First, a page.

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J Exp Med. 2017 Feb;214(2):309-317. doi: 10.1084/jem.20161590. Epub 2017 Jan 19.

Antibody-secreting plasma cells persist for decades in human intestine.

Author information

1
Department of Pathology, Centre for Immune Regulation, Oslo University Hospital-Rikshospitalet and The University of Oslo, 0372 Oslo, Norway ole.jorgen.bjarnason.landsverk@rr-research.no frode.lars.jahnsen@rr-research.no.
2
Department of Immunology, Centre for Immune Regulation, Oslo University Hospital-Rikshospitalet and The University of Oslo, 0372 Oslo, Norway.
3
Department of Pathology, Centre for Immune Regulation, Oslo University Hospital-Rikshospitalet and The University of Oslo, 0372 Oslo, Norway.
4
Department of Cell and Molecular Biology, Karolinska Institute, 171 77 Stockholm, Sweden.
5
Center for Neuroscience and Cell Biology, University of Coimbra, 3000-213 Coimbra, Portugal.
6
Department of Transplantation Medicine, Oslo University Hospital-Rikshospitalet, 0372 Oslo, Norway.
7
Department of Gastrointestinal Surgery, Oslo University Hospital-Rikshospitalet, 0372 Oslo, Norway.
8
Centre for Molecular Medicine Norway, Nordic European Molecular Biology Laboratory Partnership, Oslo University Hospital-Rikshospitalet and The University of Oslo, 0372 Oslo, Norway.
9
Department of Informatics, University of Oslo, 0313 Oslo, Norway.
10
Department of Physics and Astronomy, Ion Physics, Uppsala University, 752 36 Uppsala, Sweden.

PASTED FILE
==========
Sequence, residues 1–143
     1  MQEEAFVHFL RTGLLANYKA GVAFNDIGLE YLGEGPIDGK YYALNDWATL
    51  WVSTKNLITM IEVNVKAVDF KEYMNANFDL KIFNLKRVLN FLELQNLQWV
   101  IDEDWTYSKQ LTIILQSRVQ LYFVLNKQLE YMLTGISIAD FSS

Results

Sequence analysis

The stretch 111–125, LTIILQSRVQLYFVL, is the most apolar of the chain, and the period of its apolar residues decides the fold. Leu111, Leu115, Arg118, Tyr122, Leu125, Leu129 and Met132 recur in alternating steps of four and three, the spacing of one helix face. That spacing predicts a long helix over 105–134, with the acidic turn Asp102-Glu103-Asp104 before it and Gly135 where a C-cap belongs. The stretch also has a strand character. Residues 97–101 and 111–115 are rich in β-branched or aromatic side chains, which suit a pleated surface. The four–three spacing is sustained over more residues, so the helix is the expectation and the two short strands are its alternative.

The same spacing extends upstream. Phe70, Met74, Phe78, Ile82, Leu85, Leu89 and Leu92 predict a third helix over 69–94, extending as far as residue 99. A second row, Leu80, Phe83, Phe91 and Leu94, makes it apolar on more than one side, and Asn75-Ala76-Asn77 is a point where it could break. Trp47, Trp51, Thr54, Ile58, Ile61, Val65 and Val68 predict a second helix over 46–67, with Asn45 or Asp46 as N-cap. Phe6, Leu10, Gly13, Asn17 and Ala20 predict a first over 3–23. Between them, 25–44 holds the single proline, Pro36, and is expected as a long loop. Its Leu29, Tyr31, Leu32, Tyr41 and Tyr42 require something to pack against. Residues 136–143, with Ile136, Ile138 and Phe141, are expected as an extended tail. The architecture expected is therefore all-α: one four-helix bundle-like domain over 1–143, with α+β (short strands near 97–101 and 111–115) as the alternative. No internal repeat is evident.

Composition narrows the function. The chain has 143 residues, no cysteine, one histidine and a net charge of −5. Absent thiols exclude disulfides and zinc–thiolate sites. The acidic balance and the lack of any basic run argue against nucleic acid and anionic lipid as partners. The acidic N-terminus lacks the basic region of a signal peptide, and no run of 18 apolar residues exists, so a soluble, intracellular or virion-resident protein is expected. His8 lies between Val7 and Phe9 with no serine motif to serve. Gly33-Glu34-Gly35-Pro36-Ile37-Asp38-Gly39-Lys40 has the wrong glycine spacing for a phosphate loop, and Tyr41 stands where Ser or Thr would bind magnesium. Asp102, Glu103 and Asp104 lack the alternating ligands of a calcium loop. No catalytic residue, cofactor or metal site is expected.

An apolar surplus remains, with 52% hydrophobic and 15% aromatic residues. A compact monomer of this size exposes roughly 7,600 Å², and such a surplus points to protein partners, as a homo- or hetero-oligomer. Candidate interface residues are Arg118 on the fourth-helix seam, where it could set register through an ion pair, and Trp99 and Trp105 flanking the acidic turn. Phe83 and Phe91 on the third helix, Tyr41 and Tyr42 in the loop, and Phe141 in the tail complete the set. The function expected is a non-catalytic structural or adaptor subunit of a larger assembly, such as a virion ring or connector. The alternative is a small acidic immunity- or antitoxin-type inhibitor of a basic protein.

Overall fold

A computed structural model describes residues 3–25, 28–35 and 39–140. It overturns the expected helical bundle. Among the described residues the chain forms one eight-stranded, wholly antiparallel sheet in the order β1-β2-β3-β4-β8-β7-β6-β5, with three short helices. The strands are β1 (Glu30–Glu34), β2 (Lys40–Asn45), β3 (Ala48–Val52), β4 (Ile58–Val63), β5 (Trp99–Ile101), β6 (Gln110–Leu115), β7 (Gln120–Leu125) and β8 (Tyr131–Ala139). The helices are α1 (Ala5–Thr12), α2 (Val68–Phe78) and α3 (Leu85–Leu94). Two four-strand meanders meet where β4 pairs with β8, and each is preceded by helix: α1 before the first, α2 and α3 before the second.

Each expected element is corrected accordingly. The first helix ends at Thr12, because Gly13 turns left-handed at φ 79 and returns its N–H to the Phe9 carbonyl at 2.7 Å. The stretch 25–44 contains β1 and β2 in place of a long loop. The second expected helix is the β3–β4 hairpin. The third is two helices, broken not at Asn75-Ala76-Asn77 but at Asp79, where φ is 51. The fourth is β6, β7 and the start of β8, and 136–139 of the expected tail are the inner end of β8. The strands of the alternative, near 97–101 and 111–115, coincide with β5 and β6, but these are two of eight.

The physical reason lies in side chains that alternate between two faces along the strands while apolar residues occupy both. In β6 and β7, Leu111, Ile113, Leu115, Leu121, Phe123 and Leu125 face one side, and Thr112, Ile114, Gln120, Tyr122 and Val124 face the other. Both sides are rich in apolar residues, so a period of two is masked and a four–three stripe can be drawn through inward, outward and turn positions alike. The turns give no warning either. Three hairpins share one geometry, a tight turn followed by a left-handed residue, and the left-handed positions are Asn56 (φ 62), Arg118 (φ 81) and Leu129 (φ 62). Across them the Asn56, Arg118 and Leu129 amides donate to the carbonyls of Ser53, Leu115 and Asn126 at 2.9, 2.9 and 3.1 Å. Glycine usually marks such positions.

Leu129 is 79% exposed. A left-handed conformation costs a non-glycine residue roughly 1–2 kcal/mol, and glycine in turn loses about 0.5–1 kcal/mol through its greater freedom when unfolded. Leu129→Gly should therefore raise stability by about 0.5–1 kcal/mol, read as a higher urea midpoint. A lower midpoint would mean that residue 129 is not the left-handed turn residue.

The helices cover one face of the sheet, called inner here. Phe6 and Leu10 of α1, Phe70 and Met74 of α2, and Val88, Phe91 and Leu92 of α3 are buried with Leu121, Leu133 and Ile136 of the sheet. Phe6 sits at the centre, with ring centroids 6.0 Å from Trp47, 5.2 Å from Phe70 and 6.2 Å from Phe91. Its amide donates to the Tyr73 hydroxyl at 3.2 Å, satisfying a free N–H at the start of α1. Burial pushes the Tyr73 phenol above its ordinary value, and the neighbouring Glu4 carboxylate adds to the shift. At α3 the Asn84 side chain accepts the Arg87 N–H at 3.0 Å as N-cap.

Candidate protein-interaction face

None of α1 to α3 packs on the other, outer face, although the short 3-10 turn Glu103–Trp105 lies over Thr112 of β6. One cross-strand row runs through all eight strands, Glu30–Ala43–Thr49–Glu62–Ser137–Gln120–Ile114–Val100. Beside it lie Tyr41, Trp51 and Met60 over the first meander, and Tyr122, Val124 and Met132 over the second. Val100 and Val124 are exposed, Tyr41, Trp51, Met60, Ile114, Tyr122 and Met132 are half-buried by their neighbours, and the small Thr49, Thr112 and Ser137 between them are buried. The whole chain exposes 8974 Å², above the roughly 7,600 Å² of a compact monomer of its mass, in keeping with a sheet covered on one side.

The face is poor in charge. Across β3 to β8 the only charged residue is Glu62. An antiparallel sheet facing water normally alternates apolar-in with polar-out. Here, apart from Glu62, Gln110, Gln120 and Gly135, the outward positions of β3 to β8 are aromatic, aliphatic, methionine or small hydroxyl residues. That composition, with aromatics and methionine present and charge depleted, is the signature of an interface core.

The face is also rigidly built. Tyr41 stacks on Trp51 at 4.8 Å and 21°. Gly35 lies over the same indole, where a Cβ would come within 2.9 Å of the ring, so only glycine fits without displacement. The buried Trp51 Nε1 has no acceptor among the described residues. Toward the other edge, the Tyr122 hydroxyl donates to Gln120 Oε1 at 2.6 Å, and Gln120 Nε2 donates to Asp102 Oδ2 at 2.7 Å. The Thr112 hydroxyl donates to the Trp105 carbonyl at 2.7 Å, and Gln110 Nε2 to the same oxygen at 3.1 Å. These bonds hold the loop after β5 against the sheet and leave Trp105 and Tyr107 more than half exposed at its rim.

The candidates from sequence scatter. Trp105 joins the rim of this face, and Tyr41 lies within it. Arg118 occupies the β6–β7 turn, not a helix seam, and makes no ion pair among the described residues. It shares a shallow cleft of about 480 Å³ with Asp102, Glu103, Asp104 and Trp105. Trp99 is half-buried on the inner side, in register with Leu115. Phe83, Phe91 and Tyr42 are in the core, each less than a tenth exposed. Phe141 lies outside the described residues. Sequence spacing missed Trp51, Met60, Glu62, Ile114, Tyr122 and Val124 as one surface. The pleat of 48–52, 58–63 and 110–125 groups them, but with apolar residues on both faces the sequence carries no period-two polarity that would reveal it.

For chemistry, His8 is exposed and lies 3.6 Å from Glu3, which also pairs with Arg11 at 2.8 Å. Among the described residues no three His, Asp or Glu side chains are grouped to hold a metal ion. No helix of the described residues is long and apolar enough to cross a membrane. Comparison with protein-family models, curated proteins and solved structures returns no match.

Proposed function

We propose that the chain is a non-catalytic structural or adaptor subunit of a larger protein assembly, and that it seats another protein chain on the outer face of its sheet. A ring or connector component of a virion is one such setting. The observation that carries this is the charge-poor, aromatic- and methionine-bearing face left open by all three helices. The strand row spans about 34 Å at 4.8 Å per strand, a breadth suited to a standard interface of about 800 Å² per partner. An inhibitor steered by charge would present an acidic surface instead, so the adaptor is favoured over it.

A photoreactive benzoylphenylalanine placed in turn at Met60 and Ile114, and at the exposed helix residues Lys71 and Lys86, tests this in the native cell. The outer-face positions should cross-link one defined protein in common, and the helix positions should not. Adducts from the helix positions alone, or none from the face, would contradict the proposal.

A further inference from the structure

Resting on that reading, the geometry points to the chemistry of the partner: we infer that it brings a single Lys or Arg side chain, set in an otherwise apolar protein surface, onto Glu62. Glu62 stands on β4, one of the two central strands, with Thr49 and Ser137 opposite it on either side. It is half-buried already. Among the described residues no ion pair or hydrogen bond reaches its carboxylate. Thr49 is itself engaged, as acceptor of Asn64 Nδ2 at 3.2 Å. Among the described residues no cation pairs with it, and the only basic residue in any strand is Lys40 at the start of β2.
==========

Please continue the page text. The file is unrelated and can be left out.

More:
11
Department of Immunology, Centre for Immune Regulation and KG Jebsen Coeliac Disease Research Centre, Oslo University Hospital-Rikshospitalet and The University of Oslo, 0372 Oslo, Norway.

Abstract

Plasma cells (PCs) produce antibodies that mediate immunity after infection or vaccination. In contrast to PCs in the bone marrow, PCs in the gut have been considered short lived. In this study, we studied PC dynamics in the human small intestine by cell-turnover analysis in organ transplants and by retrospective cell birth dating measuring carbon-14 in genomic DNA. We identified three distinct PC subsets: a CD19+ PC subset was dynamically exchanged, whereas of two CD19- PC subsets, CD45+ PCs exhibited little and CD45- PCs no replacement and had a median age of 11 and 22 yr, respectively. Accumulation of CD45- PCs during ageing and the presence of rotavirus-specific clones entirely within the CD19- PC subsets support selection and maintenance of protective PCs for life in human intestine.

PMID:
28104812
PMCID:
PMC5294861
DOI:
10.1084/jem.20161590
[Indexed for MEDLINE]
Free PMC Article

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